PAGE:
The recent announcement by the UK Government of a further £50m towards restoration of peatland in England, and the proposed ban on sale of peat products in garden centres by 2024, is a boost in the fight against climate change. It is part of an increasing focus by both the UK and Scottish Governments on preserving the benefits that peatland has in terms of carbon capture and reversing the trend of increasing carbon emissions created by peatland that has been damaged.

Why Peatland?

Peatland plays a key role in Scotland's natural and cultural heritage, covering approximately 20% of Scotland's land mass. Peatland in good condition is a key player in the fight against climate change, removing CO2 from the atmosphere and storing it. In fact, peatland can contain store twice as much carbon as forests. Peatland also helps with flood prevention, by trapping and soaking up surface water that might otherwise run into watercourses and lead to downstream flooding.

However, not all of our peatland is in good health. It is estimated that around 80% of Scotland's peatland is damaged. Peat must be wet to perform its critical carbon storing function, however peat is often cultivated, drained and degraded. In this degraded state, the peat releases carbon dioxide and as a result, is one of the largest sources of greenhouse gases. Without any action being taken to stabilise and restore Scotland's peatlands, their condition will continue to deteriorate and result in a huge environmental cost for future generations.

How to restore peatland?

Urgent action is being taken worldwide to protect and sustainably manage peatland, protecting it from degrading activities such as agricultural conversion and drainage. However, as much of Scotland's peatland is already damaged, peatland restoration is vital to avoid significant emissions of carbon in future. The principal aim is to restore the peatland to its original form and function, involving "re-wetting" or restoring the natural flow of water and soil saturation. In comparison to other carbon reduction techniques, peatland restorations bring significant levels of carbon savings at a moderate cost and large areas of land can be restored without any major alterations to the land use.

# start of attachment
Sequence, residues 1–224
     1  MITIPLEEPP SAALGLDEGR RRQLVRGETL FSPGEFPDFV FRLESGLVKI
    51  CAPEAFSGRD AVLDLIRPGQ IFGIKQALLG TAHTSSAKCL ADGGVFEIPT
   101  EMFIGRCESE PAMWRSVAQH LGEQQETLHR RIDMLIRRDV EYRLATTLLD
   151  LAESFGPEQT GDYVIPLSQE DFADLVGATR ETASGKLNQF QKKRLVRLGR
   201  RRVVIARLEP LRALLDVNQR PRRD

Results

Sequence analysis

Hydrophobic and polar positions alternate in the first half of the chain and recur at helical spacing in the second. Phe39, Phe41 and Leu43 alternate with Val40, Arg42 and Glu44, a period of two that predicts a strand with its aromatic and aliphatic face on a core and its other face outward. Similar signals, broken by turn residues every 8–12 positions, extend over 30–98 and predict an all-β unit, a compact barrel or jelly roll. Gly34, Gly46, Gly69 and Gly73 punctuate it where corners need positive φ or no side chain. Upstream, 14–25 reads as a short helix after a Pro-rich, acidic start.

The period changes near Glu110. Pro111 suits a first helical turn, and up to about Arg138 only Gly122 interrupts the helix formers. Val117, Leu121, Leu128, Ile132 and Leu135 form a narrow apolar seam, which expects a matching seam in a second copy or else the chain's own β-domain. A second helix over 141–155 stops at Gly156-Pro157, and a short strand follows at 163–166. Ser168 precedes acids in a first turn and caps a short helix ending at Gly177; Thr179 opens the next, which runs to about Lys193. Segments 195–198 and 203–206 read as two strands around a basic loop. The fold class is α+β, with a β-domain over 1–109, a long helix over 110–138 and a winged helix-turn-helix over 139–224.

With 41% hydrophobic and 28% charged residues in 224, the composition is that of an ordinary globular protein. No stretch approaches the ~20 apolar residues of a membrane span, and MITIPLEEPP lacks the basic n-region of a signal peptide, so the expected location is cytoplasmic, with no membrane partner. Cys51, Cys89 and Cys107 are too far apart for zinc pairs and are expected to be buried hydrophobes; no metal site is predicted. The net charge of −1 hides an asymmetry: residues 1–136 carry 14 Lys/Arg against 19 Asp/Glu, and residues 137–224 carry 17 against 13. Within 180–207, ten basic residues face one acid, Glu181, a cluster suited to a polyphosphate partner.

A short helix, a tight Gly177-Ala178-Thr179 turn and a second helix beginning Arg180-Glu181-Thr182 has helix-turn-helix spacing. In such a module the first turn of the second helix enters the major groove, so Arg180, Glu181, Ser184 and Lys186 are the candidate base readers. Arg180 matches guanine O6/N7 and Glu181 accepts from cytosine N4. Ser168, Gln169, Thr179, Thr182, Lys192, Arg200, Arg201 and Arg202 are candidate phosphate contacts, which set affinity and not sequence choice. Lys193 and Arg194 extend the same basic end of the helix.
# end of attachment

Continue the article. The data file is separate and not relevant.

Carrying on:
Incentives for Landowners to Restore Peatland

The restoration of peatland has become a huge focus of the Scottish Government in recent years. It has provided farmers, landowners, and land managers with the opportunity to access a significant amount of funding to undertake peatland restoration projects, while the IUCN UK Peatland Programme which includes the Peatland Code also promotes and facilitates the restoration of peatland across the UK. There is a recognition that without funding, peatland restoration is often not accessible to landowners and managers, and the Peatland Code seeks to connect landowners with private funding to tackle restoration whilst also setting out a series of best practice requirements to give assurances that the restoration will provide climate benefits that are both viable and permanent.

Not just a win for the climate

Peatland restoration, conservation and management can have other benefits too:

  • it is attractive for those landowners and business owners who want to ensure that they are meeting their corporate social responsibilities;
  • it can help promote economic growth in rural areas, bringing new opportunities for employment;
  • it can improve the landscape and environment, benefiting wildlife and boosting tourism.

It is hoped that these benefits, coupled with the funding support on offer from the Scottish Government and Peatland Code, will encourage more interest in peatland restoration in the coming years, which can only be a good thing for us and our planet.


Lucy Rice

Trainee Solicitor